Recognition for planters, a necessity:
Take brand identity to greater heights
In the pre and post independence eras both tea and rubber have become
Sri Lanka’s livewire in foreign exchange earnings. Unlike in any other
business over 85 percent of the raw materials are locally produced
resulting least draining out of reserve from Government coffers.
Production is high worker intensive and needs direction and execution
for productivity and quality results.
It is this context, that the terminology of a ‘planter’ come into
full force. The planter combines the energies of men, material and
machinery in their true senses for the production of tea as well as
A planter is a contributor to Sri Lanka’s growth sector. He is a self
starter and a motivator who drives an uncontended workforce, to grow,
produce and process under the most trying conditions of social equity.
In no other profession does the ‘boss’ have the capacity and charisma
to direct and execute a set of people who’s social status are on the
The planter, having undergone a vigorous and intensive training
amongst and within a tireless workforce in the areas of field work,
cultivation, harvesting, appling scientific inputs such as soil and leaf
fertilisers, manufacturing, worker payments and attending to management
duties has to be a jack of all trades.
He has to administer an Estate consisting of a large resident
workforce, look into their welfare Estate housing, corporatives and
medical facilities. He masters professionalism through experience the
At times, a planter is a teacher, principal, father, brother,
technician, doctor, corporative manager, district secretary, custodian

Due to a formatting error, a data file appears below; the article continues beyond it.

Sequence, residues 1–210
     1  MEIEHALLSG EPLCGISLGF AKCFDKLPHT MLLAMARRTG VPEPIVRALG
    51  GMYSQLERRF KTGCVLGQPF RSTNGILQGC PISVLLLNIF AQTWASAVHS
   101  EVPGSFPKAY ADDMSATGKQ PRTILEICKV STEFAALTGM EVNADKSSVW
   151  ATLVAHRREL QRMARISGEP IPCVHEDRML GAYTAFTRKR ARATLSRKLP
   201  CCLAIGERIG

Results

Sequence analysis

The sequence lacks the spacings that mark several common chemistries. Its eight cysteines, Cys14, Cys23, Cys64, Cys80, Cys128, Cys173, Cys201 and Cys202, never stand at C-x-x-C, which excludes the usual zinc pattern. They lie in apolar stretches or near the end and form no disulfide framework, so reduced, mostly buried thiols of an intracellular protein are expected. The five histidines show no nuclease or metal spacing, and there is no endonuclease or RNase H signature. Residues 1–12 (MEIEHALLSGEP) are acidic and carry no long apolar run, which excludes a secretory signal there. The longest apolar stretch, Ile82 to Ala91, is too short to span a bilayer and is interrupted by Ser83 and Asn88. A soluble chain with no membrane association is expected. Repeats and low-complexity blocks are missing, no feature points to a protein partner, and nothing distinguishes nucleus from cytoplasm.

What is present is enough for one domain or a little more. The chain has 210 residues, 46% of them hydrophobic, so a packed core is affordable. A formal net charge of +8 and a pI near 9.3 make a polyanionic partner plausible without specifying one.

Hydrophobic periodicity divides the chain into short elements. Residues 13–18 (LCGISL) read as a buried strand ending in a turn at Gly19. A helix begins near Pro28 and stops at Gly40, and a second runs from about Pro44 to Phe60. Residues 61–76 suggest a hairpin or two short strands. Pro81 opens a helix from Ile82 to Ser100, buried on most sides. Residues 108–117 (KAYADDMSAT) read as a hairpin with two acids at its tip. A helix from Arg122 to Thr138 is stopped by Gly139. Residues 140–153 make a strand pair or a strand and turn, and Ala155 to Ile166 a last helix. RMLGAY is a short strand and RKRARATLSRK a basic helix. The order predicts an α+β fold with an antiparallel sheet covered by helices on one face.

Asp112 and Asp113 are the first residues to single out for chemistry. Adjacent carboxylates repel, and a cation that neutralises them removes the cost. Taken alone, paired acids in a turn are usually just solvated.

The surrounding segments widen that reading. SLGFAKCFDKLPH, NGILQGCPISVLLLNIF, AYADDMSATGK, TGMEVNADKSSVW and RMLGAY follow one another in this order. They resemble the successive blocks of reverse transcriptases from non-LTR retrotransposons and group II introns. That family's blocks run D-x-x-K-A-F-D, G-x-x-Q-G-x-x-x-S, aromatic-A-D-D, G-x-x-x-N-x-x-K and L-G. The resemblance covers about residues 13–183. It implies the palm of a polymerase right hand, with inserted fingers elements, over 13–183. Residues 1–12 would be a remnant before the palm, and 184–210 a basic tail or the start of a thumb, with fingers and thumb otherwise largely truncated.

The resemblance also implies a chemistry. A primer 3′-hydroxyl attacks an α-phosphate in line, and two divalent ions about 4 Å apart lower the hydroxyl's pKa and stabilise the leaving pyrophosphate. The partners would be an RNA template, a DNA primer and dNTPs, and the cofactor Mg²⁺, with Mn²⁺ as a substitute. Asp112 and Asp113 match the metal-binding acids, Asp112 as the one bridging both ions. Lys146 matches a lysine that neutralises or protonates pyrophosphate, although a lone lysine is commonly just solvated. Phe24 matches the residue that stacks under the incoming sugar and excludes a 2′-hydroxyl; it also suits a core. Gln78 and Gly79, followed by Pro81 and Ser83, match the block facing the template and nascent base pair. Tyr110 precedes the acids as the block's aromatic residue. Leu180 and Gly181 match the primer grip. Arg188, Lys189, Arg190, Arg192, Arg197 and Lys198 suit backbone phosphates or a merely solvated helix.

and a true leader who displays immense charisma in providing guidance to
a few thousand resident population who lacks basic education and social
status, yet destined to labour an industry that have brought ‘brand
identity’ to our country.
The tea and rubber trade little realises the diverse professionalism
of a planter in not only growing, producing and processing but also
selling and distributing which are buzz words in the corporate world.
Today the country speaks of the revenue derived from the tea and
rubber industries, value addition and ethical branding of teas and
making Sri Lanka, a tea hub. This would not have been possible if not
for the sweat of the least admired committed workforce on an estate and
their ‘Thalaivar’ who is the planter.
Let’s not forget that planters of yesteryear have rendered invaluable
and yeoman service at corporate and national levels.
Ken Balendra of John Keells fame, Cubby Wijethunga at Nestles, lead
those companies to great heights.
How could one forget the late Ranjan Wijeratne who spearheaded
crushing of southern terrorism when the country’s administration as
brought down to a grinding halt. We see Nishantha Wickramasinghe heading
the national career.
Our estate workers are the critical factor in the success story of
tea and rubber cultivation. Timely sensing of their needs, prior to an
agitation should be the order of the day.
Today tea and rubber fetch unprecedented prices yet, at exorbitant
costs, resulting in second thoughts of wage hikes for plantation
workers. Why costs are high is a matter to be analysed in detail.
The critical factor for high costs is the low yield. The only way to
increase yields are, timely infilling and re-planting of the aged tea
and rubber and trees which is beyond the jurisdiction of the workers.
A planter is treated as a nonentity in the business of growth.
Planters have opted to take it cool in the rear seat very comfortable.
This lack of recognition is a cause for alarm in the wake of the rapid
development phase taking place in the country.
I urge all planters and their professional bodies to rise up the
occasion to make your presence felt for a national cause, in a view to
take the Sri Lankan brand identity to greater heights.